There are bookshelves filled with stories about company Boards in disarray that ousted the CEO over egos and direction. Tech startups are notorious for having dysfunctional Boards. Just look at Uber, where the Board members ousted the CEO and then some even resigned amid the chaos at the company. For example, Twitter, where the Board was so maladjusted it ended up cycling through 5 different CEOs in 10 years, whereas most Fortune 500 companies go through one Chief in that amount of time. Also, Apple, Google and countless other giants have had these problems--they are not immune to these issues.

Every first-time CEO makes a lot of mistakes. They are overzealous in some areas, and underperform in others. They focus too much energy on some aspects of the business, and leave others by the wayside. I've done some of those things, and have seen this with peers who are young entrepreneurs as well. But one area where I've been extremely lucky was in choosing my Board. I realized this after a recent Board meeting, when someone who's had several Boards of their own pulled me aside afterwards, and with genuine shock, said, "You have the best, most high functioning Board of Directors I've ever seen. People considered titans of industry are in this room, and yet no one showboats, no one bosses you around." Then, with relief, they added, "You have no idea how lucky you are."

So how do you, a first time founder and CEO, pick the right members to join your Board, and spare yourself the turmoil of choosing poorly? Below I've shared some of the lessons I've learned through this process, as well as the wisdom that was shared with me.

1. Bring in people who have worked with first-timers before

The single best piece of advice I ever got on choosing Board members was to bring in people who have worked with first-time CEOs in the past. Being a new entrepreneur is not a negative trait, it's just one that comes with different challenges than a CEO who has been around the block a few times (though they come with their own sets of provocations, too).

When you pick your Board members, you really want to choose people who are betting not just on the company you are going to build, but also on you as an entrepreneur. Board members who have worked with first timers before are acutely aware of the limitations of your experience and are much more eager to help you grow and develop -- through thick and thin.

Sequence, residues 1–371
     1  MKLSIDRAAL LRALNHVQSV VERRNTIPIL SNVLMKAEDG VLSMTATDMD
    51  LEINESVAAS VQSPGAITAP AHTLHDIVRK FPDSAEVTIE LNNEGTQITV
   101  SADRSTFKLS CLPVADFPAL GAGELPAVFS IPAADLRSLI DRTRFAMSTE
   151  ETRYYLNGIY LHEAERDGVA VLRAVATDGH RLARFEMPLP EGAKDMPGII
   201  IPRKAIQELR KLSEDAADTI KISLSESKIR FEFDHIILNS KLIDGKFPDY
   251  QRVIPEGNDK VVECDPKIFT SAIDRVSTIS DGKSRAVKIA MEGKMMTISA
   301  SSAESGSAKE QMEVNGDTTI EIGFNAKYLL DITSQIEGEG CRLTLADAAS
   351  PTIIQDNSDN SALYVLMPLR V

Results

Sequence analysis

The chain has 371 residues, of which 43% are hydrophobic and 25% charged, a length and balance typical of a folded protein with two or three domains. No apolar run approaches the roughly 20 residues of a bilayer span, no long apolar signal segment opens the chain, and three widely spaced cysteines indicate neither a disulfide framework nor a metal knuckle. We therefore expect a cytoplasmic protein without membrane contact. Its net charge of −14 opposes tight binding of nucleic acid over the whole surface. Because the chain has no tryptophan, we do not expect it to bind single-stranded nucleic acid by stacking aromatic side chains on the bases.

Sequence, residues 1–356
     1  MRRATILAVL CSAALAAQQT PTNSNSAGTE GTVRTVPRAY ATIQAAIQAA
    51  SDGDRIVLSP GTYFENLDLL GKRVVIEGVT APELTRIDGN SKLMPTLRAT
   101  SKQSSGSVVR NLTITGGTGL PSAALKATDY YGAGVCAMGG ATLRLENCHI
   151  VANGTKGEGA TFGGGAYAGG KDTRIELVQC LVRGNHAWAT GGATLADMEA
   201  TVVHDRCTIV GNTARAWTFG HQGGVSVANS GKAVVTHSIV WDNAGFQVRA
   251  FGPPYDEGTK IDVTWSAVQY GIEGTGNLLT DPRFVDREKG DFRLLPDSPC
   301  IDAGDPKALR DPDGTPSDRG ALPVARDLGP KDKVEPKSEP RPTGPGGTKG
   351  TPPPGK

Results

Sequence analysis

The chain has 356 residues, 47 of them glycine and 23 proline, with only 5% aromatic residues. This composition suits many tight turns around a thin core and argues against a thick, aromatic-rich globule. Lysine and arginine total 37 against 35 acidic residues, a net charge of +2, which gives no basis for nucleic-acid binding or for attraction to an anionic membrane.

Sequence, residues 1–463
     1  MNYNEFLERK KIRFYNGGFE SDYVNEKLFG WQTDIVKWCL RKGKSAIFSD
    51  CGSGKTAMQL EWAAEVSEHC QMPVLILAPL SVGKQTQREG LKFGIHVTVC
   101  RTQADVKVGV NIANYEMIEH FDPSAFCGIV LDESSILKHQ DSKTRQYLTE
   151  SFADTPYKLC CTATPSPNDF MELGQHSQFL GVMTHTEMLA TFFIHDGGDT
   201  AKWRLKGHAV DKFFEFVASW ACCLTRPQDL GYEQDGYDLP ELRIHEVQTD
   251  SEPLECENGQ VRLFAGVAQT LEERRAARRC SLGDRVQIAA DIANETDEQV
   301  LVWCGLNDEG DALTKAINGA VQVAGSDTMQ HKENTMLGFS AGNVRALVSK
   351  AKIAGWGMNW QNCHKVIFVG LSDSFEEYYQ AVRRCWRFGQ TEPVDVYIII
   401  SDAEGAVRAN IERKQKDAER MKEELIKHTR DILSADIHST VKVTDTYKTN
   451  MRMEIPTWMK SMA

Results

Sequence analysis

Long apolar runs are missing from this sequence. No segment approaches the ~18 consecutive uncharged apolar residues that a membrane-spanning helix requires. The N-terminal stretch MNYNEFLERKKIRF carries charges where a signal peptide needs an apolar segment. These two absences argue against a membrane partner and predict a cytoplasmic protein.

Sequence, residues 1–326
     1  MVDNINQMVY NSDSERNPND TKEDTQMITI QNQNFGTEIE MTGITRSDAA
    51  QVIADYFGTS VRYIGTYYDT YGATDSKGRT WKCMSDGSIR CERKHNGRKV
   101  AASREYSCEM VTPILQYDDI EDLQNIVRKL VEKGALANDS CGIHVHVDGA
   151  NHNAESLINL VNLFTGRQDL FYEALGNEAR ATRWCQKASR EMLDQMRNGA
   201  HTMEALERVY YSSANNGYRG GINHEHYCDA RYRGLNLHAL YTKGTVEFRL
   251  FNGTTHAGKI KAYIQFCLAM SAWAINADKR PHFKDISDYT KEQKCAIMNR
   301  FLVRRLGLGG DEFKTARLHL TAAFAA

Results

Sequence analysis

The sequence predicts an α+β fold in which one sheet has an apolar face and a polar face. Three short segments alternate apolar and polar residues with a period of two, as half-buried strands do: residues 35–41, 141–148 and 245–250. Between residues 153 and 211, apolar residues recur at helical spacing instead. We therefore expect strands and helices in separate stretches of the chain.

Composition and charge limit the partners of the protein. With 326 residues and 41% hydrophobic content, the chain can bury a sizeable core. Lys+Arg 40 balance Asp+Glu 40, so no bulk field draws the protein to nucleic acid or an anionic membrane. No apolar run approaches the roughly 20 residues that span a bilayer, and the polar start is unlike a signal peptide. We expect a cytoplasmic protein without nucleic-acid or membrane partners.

2.  Ask for help - on big things and small

Do not ask someone to be on your Board if you would feel embarrassed to ask them for help, or if you are too scared to tell them when things are going wrong. You are not going to solve a problem in a vacuum -- and if your potential new Board member has no patience for small things, they probably won't be patient with the big things either.

I will never forget calling my first Chairman, George, hysterical at 10pm on a Friday night because a new graphic designer had redesigned our product. All of a sudden, it went from something I knew intimately, to a product that seemed alien and foreign to me -- all the way down to feeling like the colors clashed. George understood the passion a founder has in needing to feel identity in their product. He was able to help me see the efficiencies of UX/UI design, and find the areas that could be tweaked so I could be fully behind the new design.

A Board member should be willing to spend time with you as a Founder and CEO on issues big and small. This was a small business issue but a large one for me. George spent two hours on the phone talking me off the ledge. This experience helped me to build a rapport with George, like training wheels for the real problems that would come later.

Look for Part 2 of this blog with three more valuable tips, which will be published next week.

About the Author

Zoë Barry is the founder and CEO of ZappRx, a healthcare technology company that simplifies the complex process required to order specialty medications. Since founding ZappRx in 2012, Zoë has raised $42 million in funding and the platform has been implemented into academic medical centers and large clinical sites around the country. In addition to ZappRx, Zoë is passionate about helping founders launch startup companies. She currently advises 3 startups, including MyLingo, Remy, and Metiri. Zoë was awarded Inc. Magazine's 30 Entrepreneurs Under 30 list in 2015, Boston Business Journal 40 under 40 in 2015, and Medtech Boston's 40 under 40 Healthcare Innovator in 2016.